M04 Copi1396 13 Se C04 Qxd 10 12 07 11 53 Am Page 149-Books Pdf

M04 COPI1396 13 SE C04 QXD 10 12 07 11 53 AM Page 149
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M04 COPI1396 13 SE C04 QXD 10 12 07 11 53 AM Page 150. 150 CHAPTER 4 Fallacies, unwarranted proposition When such dubious propositions buried in the. argument are crucial for the support of the conclusion the argument is bad. and can be very misleading Arguments that depend on such unwarranted. leaps are called fallacies of presumption, In fallacious arguments of this kind the premises may indeed be relevant. to the conclusion drawn but that relevance is likely to flow from the tacit sup. position of what has not been given support and may even be unsupportable. The presumption often goes unnoticed To expose such a fallacy it is therefore. usually sufficient to call attention to the smuggled assumption or supposi. tion and to its doubtfulness or its falsity Three common fallacies are included. in this category, P1 ACCIDENT, Circumstances alter cases A generalization that is true by and large may not. apply in a given case or to some subcategory of cases for good reasons The. reasons the generalization does not apply in those cases have to do with the. special circumstances also called the accidental circumstances of that case. or those cases If these accidental circumstances are ignored and we assume. that the generalization applies universally we commit the fallacy of accident. In the preceding section we explained the fallacy of converse accident or. hasty generalization the mistake of moving carelessly or too quickly to a gener. alization that the evidence does not support Accident is the fallacy that arises. when we move carelessly or unjustifiably from a generalization to some partic. ulars that it does not in fact cover, Experience teaches us that even generalizations that are widely applicable. and very useful are likely to have exceptions for which we must be on guard. For example there is a general principle in law that hearsay evidence. statements made by a third party outside court may not be accepted as evi. dence in court this is the hearsay rule and it is a good rule But when the. person whose oral communications are reported is dead or when the party re. porting the hearsay in court does so in conflict with his own best interest that. rule may not apply Indeed there is hardly any rule or general principle that. does not have plausible exceptions and we are likely to argue fallaciously if. we reason on the supposition that some rule applies universally. P2 COMPLEX QUESTION, One of the most common fallacies of presumption is asking a question in such.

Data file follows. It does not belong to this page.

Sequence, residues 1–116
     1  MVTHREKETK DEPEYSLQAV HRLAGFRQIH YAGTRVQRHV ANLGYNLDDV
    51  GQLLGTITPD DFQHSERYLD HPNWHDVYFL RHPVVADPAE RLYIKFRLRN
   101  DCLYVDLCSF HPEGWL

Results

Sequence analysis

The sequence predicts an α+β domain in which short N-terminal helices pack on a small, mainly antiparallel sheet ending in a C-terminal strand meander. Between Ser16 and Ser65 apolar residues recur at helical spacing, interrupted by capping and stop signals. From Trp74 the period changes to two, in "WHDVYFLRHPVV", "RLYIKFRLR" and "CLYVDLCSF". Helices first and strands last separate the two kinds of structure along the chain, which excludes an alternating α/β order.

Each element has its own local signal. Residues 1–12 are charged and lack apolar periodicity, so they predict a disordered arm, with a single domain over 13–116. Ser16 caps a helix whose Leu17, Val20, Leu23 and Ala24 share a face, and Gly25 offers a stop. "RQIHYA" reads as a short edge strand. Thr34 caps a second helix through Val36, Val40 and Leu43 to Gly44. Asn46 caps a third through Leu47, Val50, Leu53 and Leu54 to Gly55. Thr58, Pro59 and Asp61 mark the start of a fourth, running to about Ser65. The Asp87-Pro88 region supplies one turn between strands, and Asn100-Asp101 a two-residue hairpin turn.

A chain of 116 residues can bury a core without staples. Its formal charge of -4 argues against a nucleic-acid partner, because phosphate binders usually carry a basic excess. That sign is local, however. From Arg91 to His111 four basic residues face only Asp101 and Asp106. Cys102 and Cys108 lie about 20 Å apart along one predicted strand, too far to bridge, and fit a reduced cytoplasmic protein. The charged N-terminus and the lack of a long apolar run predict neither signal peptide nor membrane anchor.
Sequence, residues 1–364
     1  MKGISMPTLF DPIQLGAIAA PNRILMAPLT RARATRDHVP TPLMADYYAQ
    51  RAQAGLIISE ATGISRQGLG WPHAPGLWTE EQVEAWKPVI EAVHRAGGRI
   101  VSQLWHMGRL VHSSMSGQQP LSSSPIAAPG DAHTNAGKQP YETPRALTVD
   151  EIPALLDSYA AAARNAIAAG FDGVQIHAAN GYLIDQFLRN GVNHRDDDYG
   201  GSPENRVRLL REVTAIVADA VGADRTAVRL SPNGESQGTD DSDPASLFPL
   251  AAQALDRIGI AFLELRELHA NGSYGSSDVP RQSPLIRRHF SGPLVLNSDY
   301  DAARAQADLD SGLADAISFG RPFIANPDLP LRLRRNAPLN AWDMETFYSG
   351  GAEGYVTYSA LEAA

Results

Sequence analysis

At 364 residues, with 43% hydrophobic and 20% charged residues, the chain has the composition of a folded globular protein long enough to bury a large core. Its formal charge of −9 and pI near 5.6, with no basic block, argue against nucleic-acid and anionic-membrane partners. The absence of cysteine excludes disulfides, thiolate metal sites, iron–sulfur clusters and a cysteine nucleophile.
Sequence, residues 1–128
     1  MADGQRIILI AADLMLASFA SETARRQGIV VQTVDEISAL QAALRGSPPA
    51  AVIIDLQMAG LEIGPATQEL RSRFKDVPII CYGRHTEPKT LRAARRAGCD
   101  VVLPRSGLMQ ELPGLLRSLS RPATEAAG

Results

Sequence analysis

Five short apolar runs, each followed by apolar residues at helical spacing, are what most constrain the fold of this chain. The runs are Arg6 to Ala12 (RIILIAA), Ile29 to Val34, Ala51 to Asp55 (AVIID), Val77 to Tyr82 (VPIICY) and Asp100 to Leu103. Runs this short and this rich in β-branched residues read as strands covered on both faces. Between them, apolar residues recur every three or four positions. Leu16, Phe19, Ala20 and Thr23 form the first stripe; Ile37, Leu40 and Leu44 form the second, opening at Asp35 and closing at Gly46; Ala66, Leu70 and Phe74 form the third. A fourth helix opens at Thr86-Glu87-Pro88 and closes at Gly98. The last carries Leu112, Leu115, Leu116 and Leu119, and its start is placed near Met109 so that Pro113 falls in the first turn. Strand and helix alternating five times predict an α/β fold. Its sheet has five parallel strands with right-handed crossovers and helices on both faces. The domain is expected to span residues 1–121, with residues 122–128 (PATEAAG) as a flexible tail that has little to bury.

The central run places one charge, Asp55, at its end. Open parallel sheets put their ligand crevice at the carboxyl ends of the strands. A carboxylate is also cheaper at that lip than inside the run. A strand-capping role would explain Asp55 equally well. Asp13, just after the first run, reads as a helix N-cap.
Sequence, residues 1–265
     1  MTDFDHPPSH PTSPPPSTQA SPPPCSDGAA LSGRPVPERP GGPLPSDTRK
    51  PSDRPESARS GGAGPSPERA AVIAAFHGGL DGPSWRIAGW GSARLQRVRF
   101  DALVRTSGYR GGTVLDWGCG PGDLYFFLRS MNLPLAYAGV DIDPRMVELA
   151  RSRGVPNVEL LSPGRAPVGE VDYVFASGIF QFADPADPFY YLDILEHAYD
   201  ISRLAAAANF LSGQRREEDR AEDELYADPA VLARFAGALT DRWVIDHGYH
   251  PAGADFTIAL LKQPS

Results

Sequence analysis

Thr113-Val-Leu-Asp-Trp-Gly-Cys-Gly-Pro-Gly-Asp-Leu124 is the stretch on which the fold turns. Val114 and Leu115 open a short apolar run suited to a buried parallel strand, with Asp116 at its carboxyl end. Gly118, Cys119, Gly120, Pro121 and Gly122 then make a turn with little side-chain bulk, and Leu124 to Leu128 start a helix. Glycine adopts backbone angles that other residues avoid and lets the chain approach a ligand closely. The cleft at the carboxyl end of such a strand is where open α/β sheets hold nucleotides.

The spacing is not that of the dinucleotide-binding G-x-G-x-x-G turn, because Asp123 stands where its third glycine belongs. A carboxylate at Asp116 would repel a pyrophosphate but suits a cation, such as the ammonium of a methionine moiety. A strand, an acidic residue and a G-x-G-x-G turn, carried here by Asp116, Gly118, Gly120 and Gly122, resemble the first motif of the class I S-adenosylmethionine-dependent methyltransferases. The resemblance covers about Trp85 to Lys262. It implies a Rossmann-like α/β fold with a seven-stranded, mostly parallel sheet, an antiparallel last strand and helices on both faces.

a way as to presuppose the truth of some conclusion that is buried in the ques. tion The question itself is likely to be rhetorical with no answer actually being. sought But putting the question seriously thereby introducing its presupposi. tion surreptitiously often achieves the questioner s purpose fallaciously. M04 COPI1396 13 SE C04 QXD 10 12 07 11 53 AM Page 151. 4 5 Fallacies of Presumption 151, Thus an essayist recently asked. With all of the hysteria all of the fear all of the phony science could it be that. man made global warming is the greatest hoax ever perpetrated on the. American people 29, Such a statement assumes that much of the evidence supporting global warm. ing is unreliable or phony Or a homeowner might ask regarding a pro. posed increase in the property tax How can you expect the majority of the. voters who rent but don t own property and don t have to pay the tax to care. if the tax burden of others is made even more unfair assuming both that. the burden of the proposed tax is unfair and that those who rent rather than. own their own homes are not affected by tax increases on property Because. assumptions like these are not asserted openly the questioners evade the need. to defend them forthrightly, The complex question is often a deceitful device The speaker may pose. some question then answer it or strongly suggest the answer with the truth of. the premise that had been buried in the question simply assumed A letter. writer asks If America s booming economy depends on people s using con. sumer credit beyond their means thus creating poverty do we really have a. healthy economy 30 But the role and the results of consumer credit remain to. be addressed, One critic of research in genetics hides his assumptions in this question. What are the consequences of reducing the world s gene pool to patented in. tellectual property controlled by a handful of life science corporations 31 The. consequences asked about are never actually discussed they are only a. device with which the reader may be frightened by the assumptions of the. question that the world s gene pool is soon likely to be reduced to patented. intellectual property and that a handful of corporations will soon control that. gene pool Establishing the plausibility of such threats requires much more. than asking questions designed to presuppose them, The appearance of a question in an editorial or headline often has the pur.